I’m writing a book tentatively entitled Must Politics Be War? where I argue that publicly justified moral and political institutions allow people who deeply disagree about fundamental matters to live together well in moral peace with one another. I deny that our political battles must be naked power-grabs to bludgeon others with our sectarian views. Instead, politics can be rooted in the intrinsic good of moral peace between persons, where our social relations with others are not based on a stable balance of power, a modus vivendi, but on moral and legal conventions that are justified for all persons based on their own diverse commitments, projects, and values.

Today I found a really fine illustration of the mindset I’m out to combat. It comes from Paul Krugman, and it is brief:

Frank Bruni marvels at polls indicating that Donald Trump, with his multiple marriages and casinos, is the preferred candidate among Republican evangelicals. Others are shocked to see a crude mercantilist make so much headway in the alleged party of free markets. What happened to conservative principles?

Actually, nothing — because those alleged principles were never real. Conservative religiosity, conservative faith in markets, were never about living a godly life or letting the invisible hand promote entrepreneurship. Instead, it was all as Corey Robin describes it: Conservatism is

a reactionary movement, a defense of power and privilege against democratic challenges from below, particularly in the private spheres of the family and the workplace.

It’s really about who’s boss, and making sure that the man in charge stays boss. Trump is admired for putting women and workers in their place, and it doesn’t matter if he covets his neighbor’s wife or demands trade wars.

The point is that Trump isn’t a diversion, he’s a revelation, bringing the real motivations of the movement out into the open.

Krugman’s opponents aren’t just wrong: they oppose fundamental moral and political values (equality) that any reasonable, decent person should accept. How are Very Serious Progressives like Krugman to share a country such individuals? Krugman’s answer is clear: support state power to crush conservative policies and criticize their intelligence and character.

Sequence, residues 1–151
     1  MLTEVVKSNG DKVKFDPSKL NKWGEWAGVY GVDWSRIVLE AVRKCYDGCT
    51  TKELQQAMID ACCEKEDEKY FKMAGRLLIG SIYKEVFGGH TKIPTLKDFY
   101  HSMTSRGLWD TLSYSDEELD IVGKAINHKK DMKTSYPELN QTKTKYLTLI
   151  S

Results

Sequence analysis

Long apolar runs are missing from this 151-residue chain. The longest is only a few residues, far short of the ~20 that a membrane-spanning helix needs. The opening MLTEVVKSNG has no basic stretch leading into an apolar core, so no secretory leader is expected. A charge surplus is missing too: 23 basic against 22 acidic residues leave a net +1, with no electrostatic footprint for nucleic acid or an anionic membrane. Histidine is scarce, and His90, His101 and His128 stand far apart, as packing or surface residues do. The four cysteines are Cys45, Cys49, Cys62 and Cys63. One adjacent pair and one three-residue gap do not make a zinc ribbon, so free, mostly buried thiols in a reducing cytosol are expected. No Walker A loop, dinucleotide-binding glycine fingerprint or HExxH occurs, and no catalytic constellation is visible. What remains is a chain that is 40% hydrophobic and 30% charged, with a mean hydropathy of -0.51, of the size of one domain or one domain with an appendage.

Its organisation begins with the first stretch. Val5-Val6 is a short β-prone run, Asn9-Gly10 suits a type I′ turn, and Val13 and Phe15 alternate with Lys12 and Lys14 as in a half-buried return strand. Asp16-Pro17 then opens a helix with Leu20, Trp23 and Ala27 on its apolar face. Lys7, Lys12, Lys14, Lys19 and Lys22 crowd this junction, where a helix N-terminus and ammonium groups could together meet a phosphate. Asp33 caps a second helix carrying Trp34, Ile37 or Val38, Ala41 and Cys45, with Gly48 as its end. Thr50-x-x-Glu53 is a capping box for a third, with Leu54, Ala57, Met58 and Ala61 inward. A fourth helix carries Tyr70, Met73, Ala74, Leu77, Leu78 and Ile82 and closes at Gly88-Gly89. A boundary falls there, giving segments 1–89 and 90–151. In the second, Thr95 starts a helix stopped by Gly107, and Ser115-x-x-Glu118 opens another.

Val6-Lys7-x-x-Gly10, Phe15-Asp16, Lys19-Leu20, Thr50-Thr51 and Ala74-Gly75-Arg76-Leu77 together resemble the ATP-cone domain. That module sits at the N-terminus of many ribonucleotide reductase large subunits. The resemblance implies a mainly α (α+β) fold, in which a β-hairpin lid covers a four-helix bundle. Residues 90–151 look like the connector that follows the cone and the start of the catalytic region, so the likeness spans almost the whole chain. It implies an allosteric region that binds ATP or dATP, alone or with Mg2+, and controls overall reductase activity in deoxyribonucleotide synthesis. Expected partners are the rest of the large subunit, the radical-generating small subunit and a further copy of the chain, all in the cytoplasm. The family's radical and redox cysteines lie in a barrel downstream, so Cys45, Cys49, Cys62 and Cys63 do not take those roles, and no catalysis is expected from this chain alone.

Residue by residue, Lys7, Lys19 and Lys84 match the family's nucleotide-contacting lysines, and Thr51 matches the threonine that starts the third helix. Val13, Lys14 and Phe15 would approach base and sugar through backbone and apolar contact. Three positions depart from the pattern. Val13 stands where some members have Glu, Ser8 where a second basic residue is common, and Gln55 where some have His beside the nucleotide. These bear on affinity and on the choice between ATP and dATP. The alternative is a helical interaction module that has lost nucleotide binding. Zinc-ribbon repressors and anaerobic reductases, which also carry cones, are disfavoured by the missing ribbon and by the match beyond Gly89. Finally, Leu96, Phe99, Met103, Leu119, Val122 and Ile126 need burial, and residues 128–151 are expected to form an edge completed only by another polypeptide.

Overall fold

It is easy to see the moral vice and animus in the post. Krugman dehumanizes his opponents by refusing to regard even some of them as fundamentally well-motivated and informed. Conservatives are foes and nothing more.

The post reminded me of the philosopher Burton Dreben, who made the following remark about defending public reason views:

To be perfectly blunt, sometimes I am asked, when I go around speaking for Rawls, What do you say to an Adolf Hitler? The answer is nothing. You shoot him. You do not try to reason with him.

For Krugman, we can paraphrase:

To be perfectly blunt, sometimes I am asked, when I go around speaking for Keynes, What do you say to conservatives and libertarians? The answer is nothing. You impose progressive policies on them. You do not try to reason with them.

After all, why bother reasoning with people who have fundamentally wicked motives, save to preach to the choir and rally the troops?

For Krugman, politics is war. But it doesn’t have to be that way, not if we’re willing to humble ourselves enough to recognize that other people can sincerely and intelligently affirm different worldviews, not just with respect to religion, but with respect to political and economic ideology. This means admitting that there are reasonable progressives, reasonable conservatives, and reasonable libertarians. Yes, some people are beyond the pale, but they’re the exception, not the rule.

I am convinced moral peace is possible between these groups. Citizens of liberal democratic societies have settled on a moral peace regarding religion; we can do so for politics too. The problem is that too few people want peace, and Krugman is foremost among them.

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The second view in my new series with Learn Liberty is out (see here for the first). In it, I begin to talk about different ways of addressing the problem of poverty, starting with what is almost certainly the most successful anti-poverty program in the history of the world.


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Of potential interest to BHL readers: I have a review of Jacob Levy’s book Rationalism, Pluralism, and Freedom in the newest (October 2015) issue of Reason. (It’s also available online, but only behind a paywall for now.) Spoiler alert: I liked it.


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